God is Holy. He cannot bear sin in His presence at all. As Piper points out in his short response above, this makes the salvation that He brings all the more astounding. His Grace that much more amazing. For, though He hates us who do iniquity, He takes us and by His love makes us “the apple of His eye” (Piper). God is not constrained paradox. People ask the elementary school question, “Could God make a stone so big he couldn’t lift it?” The answer is; yes He could miraculously make that stone. And then He could equally miraculously lift it. God hates the sinner. And God takes the heavy, stone heart of that sinner and turns that heart to flesh (Ezekiel 36:26) and makes him into that which He loves.

Second question; Should WE hate the sin but love the sinner.  Answer: Is that even possible for us? Are we holy such that we should or even could justly hate the sin? Hating someone else’s sin just makes us ignorant of our own sin. “Look at them! I can’t believe he would do that! Ugh, I hate that.. oh, but I love him.”  There is nowhere in scripture a call for us to hate another person’s sin.  It says in several places that we should hate evil. That is a call for us to turn OURSELVES from evil.

9Let love be genuine. Abhor what is evil; hold fast to what is good. 10Love one another with brotherly affection. Outdo one another in showing honor. 11Do not be slothful in zeal, be fervent in spirit serve the Lord. 12Rejoice in hope, be patient in tribulation, be constant in prayer. 13Contribute to the needs of the saints and seek to show hospitality. 14Bless those who persecute you; bless and do not curse them. 15Rejoice with those who rejoice, weep with those who weep. 16Live in harmony with one another. Do not be haughty, but associate with the lowly. Never be wise in your own sight. 17Repay no one evil for evil, but give thought to do what is honorable in the sight of all. 18If possible, so far as it depends on you, live peaceably with all. 19Beloved, never avenge yourselves, but leave it to the wrath of God, for it is written, “Vengeance is mine, I will repay, says the Lord.” 20To the contrary, “if your enemy is hungry, feed him; if he is thirsty, give him something to drink; for by so doing you will heap burning coals on his head.” 21Do not be overcome by evil, but overcome evil with good. (Romans 12:9-21, ESV)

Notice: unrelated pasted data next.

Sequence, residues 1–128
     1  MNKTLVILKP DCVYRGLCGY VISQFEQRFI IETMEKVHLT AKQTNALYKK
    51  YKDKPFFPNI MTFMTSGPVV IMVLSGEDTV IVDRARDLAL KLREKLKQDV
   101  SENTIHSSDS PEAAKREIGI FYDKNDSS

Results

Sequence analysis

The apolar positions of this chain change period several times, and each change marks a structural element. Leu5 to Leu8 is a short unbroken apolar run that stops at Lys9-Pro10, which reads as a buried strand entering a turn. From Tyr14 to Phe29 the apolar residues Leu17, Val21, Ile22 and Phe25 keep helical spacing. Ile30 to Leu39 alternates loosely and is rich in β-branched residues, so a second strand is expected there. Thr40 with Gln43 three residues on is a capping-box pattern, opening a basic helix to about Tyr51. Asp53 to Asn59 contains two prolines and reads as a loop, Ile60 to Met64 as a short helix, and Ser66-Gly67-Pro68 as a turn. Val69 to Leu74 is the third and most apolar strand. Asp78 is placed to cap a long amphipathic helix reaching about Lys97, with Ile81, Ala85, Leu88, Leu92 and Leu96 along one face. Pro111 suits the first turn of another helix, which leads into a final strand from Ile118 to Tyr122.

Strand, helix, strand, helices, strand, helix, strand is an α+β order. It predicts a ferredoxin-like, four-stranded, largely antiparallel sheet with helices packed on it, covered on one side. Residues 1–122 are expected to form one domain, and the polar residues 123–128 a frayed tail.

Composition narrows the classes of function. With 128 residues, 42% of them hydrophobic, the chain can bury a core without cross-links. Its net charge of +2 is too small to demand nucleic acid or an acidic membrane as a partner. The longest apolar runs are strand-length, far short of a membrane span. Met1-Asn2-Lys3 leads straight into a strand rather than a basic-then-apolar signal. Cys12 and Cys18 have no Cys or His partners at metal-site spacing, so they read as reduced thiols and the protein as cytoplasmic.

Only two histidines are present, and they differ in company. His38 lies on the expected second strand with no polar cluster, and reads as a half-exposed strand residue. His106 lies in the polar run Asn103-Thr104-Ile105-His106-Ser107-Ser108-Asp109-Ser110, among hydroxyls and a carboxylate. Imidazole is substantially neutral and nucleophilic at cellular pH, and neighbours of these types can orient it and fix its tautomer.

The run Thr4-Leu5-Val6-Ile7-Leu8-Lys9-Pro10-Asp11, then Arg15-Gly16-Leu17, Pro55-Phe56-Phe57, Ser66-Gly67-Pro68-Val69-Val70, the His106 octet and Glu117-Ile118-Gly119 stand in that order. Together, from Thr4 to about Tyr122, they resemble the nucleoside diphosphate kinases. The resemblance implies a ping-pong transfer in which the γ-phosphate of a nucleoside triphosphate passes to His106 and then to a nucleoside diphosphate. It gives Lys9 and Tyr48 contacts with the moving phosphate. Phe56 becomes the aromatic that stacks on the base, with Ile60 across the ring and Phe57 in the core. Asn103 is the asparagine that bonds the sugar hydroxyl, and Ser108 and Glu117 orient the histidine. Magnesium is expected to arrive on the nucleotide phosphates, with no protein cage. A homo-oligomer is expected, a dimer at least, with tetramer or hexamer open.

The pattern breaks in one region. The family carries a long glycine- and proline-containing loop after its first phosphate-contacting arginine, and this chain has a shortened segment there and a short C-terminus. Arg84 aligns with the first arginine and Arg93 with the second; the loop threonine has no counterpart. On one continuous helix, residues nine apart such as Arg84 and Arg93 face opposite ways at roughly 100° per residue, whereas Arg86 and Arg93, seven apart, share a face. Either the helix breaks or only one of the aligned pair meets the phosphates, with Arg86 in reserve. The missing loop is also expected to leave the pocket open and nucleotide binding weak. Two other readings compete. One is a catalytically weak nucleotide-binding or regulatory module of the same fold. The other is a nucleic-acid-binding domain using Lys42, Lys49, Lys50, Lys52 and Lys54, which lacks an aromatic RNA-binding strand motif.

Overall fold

If you’re discouraged by the supreme court ruling and the state of what people call “marriage” then the best thing you can do is live righteously in your own marriage or in your own singleness.  You don’t need to celebrate the unrighteousness and depravity of others, but neither do you need to go spouting off at the mouth condemning people who you have no place or power to condemn.  I preach this to myself most of all.  Gentleness and self-control are fruits of the Spirit that I struggle with daily.

Let us not turn away from the truth of sin and the fact that God hates it and sinners.  But let us care most about the sin in our lives so that we can be effective light in a place clouded with false gospels and news that would be good if not for the lies disguised in it.

A Continued Discussion On Transgenderism, Causation, and The Mind

About a week and a half ago I posted an article on Facebook regarding transgenderism and its status as something to be treated rather than something to be indulged.  Here is the Facebook post, and here is the article. I’m very proud of the diversity of my friendships.  I’m friends both on Facebook and in person with several Christians and many non-Christians and numerous people who are not just atheist, but anti-theist.  So, I knew when first posting it that it would not be popular with some of my friends.  As I suspected, a lively discussion was started.  Time brings clarity, and there are some issues I’d like to clear up.  The purpose of this post is to continue the discussion and to address things that I did not address before as well as introduce ideas that are born of the passage of time.  I would definitely suggest reading the article and the comments on Facebook for the best context.